More than 200 women affected by cervical test failures

Tánaiste apologises for ‘shameful’ events in Phelan case.

More than 200 women affected by cervical test failures

Up to 200 women who later developed cervical cancer had the same missed smear test as Vicky Phelan, it was admitted last night.

In the wake of the Phelan case, Health Minister Simon Harris yesterday ordered Cervical Check to write to the doctors of the women to ensure they communicated the error, where cancer indicators were missed.

Health Minister Simon Harris has said that up to 15 women a year since 2008 should have had their cases escalated in the wake of a smear test but did not.

Mr Harris and Tánaiste Simon Coveney apologised to Ms Phelan for the abject failure in informing her of her condition.

Mr Coveney said: “This is a shameful series of events, particularly in terms of information flow. The tragedy and challenges Vicky Phelan and her family are facing now have been made all the more difficult because of the failings in terms of the passing on of information. And for that I want to apologise to her and to her family.”

Mr Harris said the doctors in all of these cases would have been informed of the misdiagnosis but the letters are to ensure patients are told.

“What we know is that, since 2016, doctors have been receiving the results of the audits in relation to the smear tests of their patients,” he said.

“It is absolutely essential that we establish that those doctors told their patients of the outcomes of those audits. Today, Cervical Check will write to those doctors and ask those doctors to confirm that they have informed their patients.”

To date, since the screening programme began a decade ago, there have been 3m scans performed and a total of 1,400 confirmed diagnoses of cervical cancer.

Responding to the public outcry following Ms Phelan’s €2.5m settlement with the company which examined her smear, Mr Harris said the doctors would be called on to ensure all women affected were told if they have not been already.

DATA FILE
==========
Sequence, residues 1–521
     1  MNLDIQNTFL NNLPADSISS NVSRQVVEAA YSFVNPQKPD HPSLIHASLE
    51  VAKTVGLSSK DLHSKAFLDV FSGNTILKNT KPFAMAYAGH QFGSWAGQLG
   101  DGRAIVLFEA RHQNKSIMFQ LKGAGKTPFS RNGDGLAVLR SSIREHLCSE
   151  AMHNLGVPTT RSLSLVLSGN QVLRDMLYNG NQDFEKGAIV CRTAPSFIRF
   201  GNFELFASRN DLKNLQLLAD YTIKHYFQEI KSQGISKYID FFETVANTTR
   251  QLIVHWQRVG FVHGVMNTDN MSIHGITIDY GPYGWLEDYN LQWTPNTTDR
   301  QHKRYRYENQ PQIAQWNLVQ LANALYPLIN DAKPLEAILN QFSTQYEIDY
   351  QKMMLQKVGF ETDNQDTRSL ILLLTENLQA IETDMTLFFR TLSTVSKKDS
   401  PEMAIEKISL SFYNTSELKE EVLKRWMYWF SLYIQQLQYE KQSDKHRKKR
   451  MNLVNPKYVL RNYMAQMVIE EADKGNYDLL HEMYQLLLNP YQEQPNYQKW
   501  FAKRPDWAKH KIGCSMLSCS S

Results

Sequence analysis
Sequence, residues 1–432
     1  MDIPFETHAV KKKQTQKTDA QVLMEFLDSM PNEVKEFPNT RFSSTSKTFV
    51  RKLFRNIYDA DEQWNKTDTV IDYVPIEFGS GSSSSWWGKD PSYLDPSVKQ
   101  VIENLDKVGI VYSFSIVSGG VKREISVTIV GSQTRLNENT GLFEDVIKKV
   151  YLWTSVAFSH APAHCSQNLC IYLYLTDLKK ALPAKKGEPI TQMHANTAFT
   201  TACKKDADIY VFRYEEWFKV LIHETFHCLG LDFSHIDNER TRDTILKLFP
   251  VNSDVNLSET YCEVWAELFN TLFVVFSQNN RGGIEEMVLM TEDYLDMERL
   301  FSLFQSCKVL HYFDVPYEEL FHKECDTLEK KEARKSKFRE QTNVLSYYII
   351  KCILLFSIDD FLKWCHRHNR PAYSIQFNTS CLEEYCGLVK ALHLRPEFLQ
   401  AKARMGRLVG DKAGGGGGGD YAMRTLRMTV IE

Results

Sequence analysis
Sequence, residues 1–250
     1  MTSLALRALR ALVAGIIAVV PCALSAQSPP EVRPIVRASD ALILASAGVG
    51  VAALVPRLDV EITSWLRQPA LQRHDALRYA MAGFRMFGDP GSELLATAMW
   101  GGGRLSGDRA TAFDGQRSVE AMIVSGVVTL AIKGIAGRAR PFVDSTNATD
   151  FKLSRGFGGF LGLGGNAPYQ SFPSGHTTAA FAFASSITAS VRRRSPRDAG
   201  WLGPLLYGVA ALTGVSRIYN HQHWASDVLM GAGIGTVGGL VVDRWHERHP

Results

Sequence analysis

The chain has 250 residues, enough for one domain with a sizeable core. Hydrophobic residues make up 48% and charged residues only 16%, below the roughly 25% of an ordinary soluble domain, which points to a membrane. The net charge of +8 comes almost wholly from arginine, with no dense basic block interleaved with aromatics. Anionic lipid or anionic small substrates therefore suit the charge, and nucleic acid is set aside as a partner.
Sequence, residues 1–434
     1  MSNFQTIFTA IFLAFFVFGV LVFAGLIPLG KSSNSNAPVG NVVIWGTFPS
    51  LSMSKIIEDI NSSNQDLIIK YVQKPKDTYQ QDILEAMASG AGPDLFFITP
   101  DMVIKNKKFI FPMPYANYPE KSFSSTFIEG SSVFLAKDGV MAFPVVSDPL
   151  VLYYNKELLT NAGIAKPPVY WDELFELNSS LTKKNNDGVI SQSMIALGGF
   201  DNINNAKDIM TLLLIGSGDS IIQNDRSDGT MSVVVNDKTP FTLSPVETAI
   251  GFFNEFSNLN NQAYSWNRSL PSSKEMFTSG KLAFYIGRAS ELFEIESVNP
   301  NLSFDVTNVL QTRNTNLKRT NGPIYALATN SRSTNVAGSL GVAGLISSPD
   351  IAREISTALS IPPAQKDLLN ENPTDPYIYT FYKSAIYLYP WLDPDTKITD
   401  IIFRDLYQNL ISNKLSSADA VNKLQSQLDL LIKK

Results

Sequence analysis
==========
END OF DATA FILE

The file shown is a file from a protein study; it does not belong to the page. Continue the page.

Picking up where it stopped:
Secondly, he announced a new policy to ensure patients are told about such mistakes in a timely fashion automatically, as opposed to leaving it to the discretion of the doctor.

Ms Phelan was diagnosed with cancer three years after her smear test results of 2011 were incorrectly reported as clear of abnormalities.

By the time she had another smear test in 2014, she had cervical cancer.

Ms Phelan, of Carrigeen, Annacotty, Co Limerick, along with her husband, Jim Phelan, has sued the HSE and Clinical Pathology Laboratories Inc, Austin, Texas, over the smear test taken under CervicalCheck and analysed in a US laboratory. She was given six to 12 months to live in January this year.

The case was raised in Dáil during leaders’ questions.

Fianna Fáil deputy leader Dara Calleary asked: “What will change as a result of what we know now as a consequence of the bravery and courage of Vicky Phelan?”

In response, Mr Coveney said there will be changes as a result of what has happened.

Simon Coveney.

Simon Coveney.

He also stressed the importance of maintaining confidence in the national cervical cancer screening service.

Two separate investigations are to be launched into the circumstances of how Ms Phelan was not told of her mis-diagnosis for three years.

Mr Harris has said an external review is to be conducted by the director general of the HSE.

“I envisage the review will be external, I envisage it will involve international expertise but I will ask the DG to further clarify that,” he said.

“But I think what we should do with our screening programme, we should look to ensure we are following absolute best international practice.”

Meanwhile, the Public Accounts Committee is to investigate any potential breach in policy and financial loss to the taxpayer because of the mishandling of the Phelan case. The Dáil’s spending watchdog is to write to the HSE, the Department of Health and CervicalCheck to examine what happened in the Phelan case.

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